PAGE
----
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Illustration: Rebecca Zisser/Axios
Wall Street's two-day-old coronavirus crash ought to be a wake-up call for Silicon Valley.
The big picture: Tech has been booming for so long the industry barely remembers what a down market feels like — and most companies are ill-prepared for one, Axios' Scott Rosenberg reports.
Background: The tech industry's last real experience of financial adversity was a generation ago, when the dot-com bust leveled the tech sector.
Veterans of the dot-com collapse 20 years ago recall how it played out then.
A coronavirus-triggered recession could affect tech in unexpected ways.
Yes, but: Two days of 3%+ losses in the market don't constitute a downturn, or even, in technical terms, a market "correction" (which is defined as a 10% drop).
The bottom line: This week's precipitous drops remind everyone in tech that graph-lines don't always move up as they move to the right. The alarm might wake the Valley — but the industry could also just hit "snooze."
Photo: Jeff Kravitz/FilmMagic
In a move that shocked the media industry, Bob Iger said Tuesday he would step down from his role as CEO of the Walt Disney Company after leading the entertainment giant to unprecedented success during his 15-year run in the job, Axios' Sara Fischer reports.
Why it matters: Iger is credited with having led Disney through a series of risky but highly successful acquisitions that not only solidified the company's entertainment dominance, but also ultimately reshaped the entire media landscape.
The big picture: Iger successfully turned around Disney’s animation and studio businesses — and led it through the strategic acquisition of Marvel, Pixar, Lucasfilm and 21st Century Fox.
Iger, originally a weatherman turned ABC sports producer, also leaves a lasting sports legacy, having led ESPN through the cord-cutting era.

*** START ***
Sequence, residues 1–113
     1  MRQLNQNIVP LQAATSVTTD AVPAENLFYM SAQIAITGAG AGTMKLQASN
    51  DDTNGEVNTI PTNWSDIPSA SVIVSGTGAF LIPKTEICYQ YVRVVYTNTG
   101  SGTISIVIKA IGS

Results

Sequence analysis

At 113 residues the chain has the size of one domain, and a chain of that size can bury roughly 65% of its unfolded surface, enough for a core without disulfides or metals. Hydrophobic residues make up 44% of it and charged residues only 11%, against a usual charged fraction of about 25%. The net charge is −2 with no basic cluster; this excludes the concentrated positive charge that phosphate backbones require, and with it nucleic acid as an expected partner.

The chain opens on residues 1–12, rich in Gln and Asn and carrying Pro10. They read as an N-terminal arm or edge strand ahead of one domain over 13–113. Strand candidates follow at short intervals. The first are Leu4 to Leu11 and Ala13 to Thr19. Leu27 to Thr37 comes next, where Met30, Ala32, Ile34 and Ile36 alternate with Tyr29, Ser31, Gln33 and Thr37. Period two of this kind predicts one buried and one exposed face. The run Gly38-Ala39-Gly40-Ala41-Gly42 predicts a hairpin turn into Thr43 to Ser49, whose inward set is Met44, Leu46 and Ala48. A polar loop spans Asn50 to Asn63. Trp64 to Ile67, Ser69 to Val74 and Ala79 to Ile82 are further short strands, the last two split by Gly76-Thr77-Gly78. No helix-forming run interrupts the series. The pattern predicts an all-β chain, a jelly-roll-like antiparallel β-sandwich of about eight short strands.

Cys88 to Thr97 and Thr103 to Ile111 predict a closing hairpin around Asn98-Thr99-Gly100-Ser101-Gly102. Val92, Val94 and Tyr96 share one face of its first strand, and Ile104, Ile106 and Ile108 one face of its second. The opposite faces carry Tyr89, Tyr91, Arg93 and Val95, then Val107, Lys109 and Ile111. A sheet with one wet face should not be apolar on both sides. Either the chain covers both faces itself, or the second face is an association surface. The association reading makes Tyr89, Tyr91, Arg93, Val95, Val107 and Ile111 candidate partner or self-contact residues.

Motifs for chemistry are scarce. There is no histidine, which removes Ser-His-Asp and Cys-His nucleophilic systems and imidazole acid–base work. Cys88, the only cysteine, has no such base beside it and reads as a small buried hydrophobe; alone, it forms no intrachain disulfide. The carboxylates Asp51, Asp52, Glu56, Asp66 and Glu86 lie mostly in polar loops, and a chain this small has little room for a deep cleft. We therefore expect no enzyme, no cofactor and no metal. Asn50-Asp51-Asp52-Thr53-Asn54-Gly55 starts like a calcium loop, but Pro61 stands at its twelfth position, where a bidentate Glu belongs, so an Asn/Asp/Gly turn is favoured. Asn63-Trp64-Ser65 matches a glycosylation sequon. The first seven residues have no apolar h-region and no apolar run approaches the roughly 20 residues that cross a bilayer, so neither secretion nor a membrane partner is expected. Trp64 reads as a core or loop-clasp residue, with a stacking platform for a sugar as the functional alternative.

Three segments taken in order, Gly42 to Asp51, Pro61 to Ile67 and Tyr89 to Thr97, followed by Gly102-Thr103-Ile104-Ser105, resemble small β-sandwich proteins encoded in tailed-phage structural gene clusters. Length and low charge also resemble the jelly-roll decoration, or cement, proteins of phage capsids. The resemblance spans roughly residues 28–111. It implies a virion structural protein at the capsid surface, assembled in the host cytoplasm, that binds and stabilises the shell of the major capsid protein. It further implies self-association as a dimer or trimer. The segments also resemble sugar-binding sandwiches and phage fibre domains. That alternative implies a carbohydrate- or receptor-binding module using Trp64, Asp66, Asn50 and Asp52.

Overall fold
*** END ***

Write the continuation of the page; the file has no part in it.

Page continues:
Be smart: Iger touched nearly every part of Disney over his tenure, and now says he's handing over the reins to an unexpected successor, naming longtime parks and resorts executive Bob Chapek as the next chief executive, effective immediately.
Yes, but: Iger isn't leaving the entertainment giant just yet, staying on as executive chairman through 2021. He said he would use that time to lead Disney's "creative endeavors" while helping Chapek transition into his former role.
The bottom line: The long transition means that Disney isn't planning a major business shakeup anytime soon, as Iger had been clear that he was working on a succession plan for some time and was supposed to retire at the end of 2021.
Big media companies, which already have their own paid video streaming services, are now rushing to add free, ad-supported options, sparking a flurry of M&A activity, Sara reported in this week's Media Trends newsletter.
The big picture: With the streaming wars in full gear, the key players are trying to bulk up, while those in a weaker position are looking to get out while the getting is good.
Driving the news:
Be smart: While Netflix remains the incumbent to beat in the subscription streaming wars, there's not yet a dominant player in the free, ad-supported streaming space, according to previously reported data from Magid Associates.
My thought bubble: I joked on Twitter that I was going to start a streaming service called Fomo, because some big media company would buy it.
Minute Media, a holding group that owns digital sports and entertainment websites like the Players' Tribune and the Big Lead, has raised $40 million in fresh funding, Sara reports. Sources tell Axios that the company is now valued at more than $500 million . It has raised $160 million to date.
Why it matters: Minute Media is hoping to expand its business by selling publishing software as a service, not just by monetizing content.
Details: The round is being led by Dawn Capital, an early-stage venture capital firm, with participation from existing investors.
Between the lines: While many media companies are leaning into technology sales as a new revenue stream, Peled says that software services are a focal point of the company's business.
What's next: Minute Media now owns seven digital media publications, including Mental Floss, the Big Lead and the most recently-acquired the Players' Tribune and FanSided. It hopes to grow this portfolio of brands internationally in sports and entertainment.
Photo: Gif (I mean, Jif)
The Gif/Jif debate is one of the most tired and pointless arguments in tech, but the makers of Jif (the peanut butter pronounced the same way as the graphics format, in case you are wondering) have at least found a way to cash in. The company is selling specially marked Gif peanut butter on Amazon.